How to Catch Eels
I know that when most anglers think of fishing, eels are probably the last fish that they would go after. However, freshwater eels are an abundant and fun target. They put up a great fight, and nothing is quite like the experience of having an eel wrap around your arm as you try to remove the hook. They are also delicious when prepared properly.
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What to Bring
Eels are about the weight of a large bass, so gear up accordingly. A medium weight rod should be used and anything between six and eleven feet long is fine. A medium capacity spinning reel should be used with six to ten pound abrasion resistant monofilament line works best.
For bait, anything you would use on catfish will work on eels. Eels are bottom feeders with small mouths, and will eat just about everything. They like insect larvae, small minnows, and dead fish. The eel’s sense of taste is actually stronger than a channel catfish. Earthworms, chicken livers, and small pieces of oily cut bait all work well to attract a strike from an eel.
For your hook, it needs to be small but strong. A number two to a number six size long shank hook is fine, but do not use fine-wire hooks. A strong eel will actually straighten out a thin hook in order to escape. Their long bodies give eels more power when fighting, so go with an Aberdeen style hook.
Where to Find Them
Eels in North America actually spawn in the ocean, but live in fresh water. In the spring, these eels journey from their ponds, lakes, and streams to the ocean. They spawn in saltwater and then the females die. The newborn eels stay in the Gulf Stream for a year before they head towards fresh waters. Eels can actually crawl across land and structures in short spurts to get to ideal water to live out their lives. The males stay in streams near the coast, while the females move thousands of miles inland. Once they have found an ideal home, they stay in deep waters during the day and come out at night to feed.
How to Catch Them
Fishing for eels is similar to fishing for bullheads. In ponds, sloughs, and lakes you should target shallow flats adjacent to deep water. As the eels emerge from deep water, your bait will be the first thing they see. In rivers, go after the riffles at the head of a deep hole. You can also target quiet, backwater areas near deep water. Of course night is the time to go after eels, and the best window is just after dark.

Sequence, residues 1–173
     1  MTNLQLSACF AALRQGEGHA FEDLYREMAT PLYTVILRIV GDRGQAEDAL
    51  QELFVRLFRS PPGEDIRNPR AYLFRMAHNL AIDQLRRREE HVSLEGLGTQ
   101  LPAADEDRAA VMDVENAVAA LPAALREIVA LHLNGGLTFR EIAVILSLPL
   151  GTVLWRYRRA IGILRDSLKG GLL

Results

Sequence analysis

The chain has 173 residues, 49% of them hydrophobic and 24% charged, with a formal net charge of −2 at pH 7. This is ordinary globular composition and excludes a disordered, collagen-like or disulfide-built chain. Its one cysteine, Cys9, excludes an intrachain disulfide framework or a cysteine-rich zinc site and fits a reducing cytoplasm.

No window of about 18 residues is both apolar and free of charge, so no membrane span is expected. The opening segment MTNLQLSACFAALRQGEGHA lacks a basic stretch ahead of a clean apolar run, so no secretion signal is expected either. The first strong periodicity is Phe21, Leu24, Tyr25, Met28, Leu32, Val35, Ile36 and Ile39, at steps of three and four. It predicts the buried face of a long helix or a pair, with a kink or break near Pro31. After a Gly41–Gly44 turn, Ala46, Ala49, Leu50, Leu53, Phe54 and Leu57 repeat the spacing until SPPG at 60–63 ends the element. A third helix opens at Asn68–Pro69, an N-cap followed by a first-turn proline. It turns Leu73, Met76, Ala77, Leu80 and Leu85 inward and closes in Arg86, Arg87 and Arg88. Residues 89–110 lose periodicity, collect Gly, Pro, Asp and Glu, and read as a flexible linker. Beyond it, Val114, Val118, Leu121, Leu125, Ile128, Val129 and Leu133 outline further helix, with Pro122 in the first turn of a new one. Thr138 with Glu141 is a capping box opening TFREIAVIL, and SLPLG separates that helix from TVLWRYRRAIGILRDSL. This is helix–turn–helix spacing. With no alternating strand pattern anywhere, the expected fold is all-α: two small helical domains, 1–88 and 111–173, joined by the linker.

Dams are actually an ideal place to target eels. During migration eels will gather at the base of dams because of the obstacle, but also because food gathers there. It is common to find high concentrations of minnows and dead fish just below a dam. Once you find an eel, be quick to set the hook. Otherwise they are sure to swallow it whole. Also, eels are incredibly slippery. If there is sand around, rub some sand on your hands to give you a little added grip before picking one up.
Be prepared that an eel will display a lot more movement than a fish. It will thrash back and forth and try to wiggle into any small hole it can to avoid capture. In some cases, the eel can get a tight grip on a hole and make it nearly impossible to pull it free. Because of this, you are better off to get the eel out of the water and pin it down as quickly as possible.
How to Cook Them
Most people would not know where to start with cleaning and cooking an eel. Your best bet is to wrap cordage around its head and tie it just below the gills. Suspend it from something sturdy. Use your filet knife to cut around the body just below the cordage. You want to just penetrate the skin and not the flesh. Then take pliers and pull the skin down all the way past the tip of the tail. You can gut it just like a fish, remove the fins, and cut off the head.
Eel has a flaky white flesh and can be fried like catfish, smoked like salmon, or baked with butter and lemon. Be aware that the flavor of the eel will embody where it lives. If you catch it in murky, swampy water it will taste more like catfish. If you catch it in a clear stream or near a dam, it will have a flavor that is cleaner.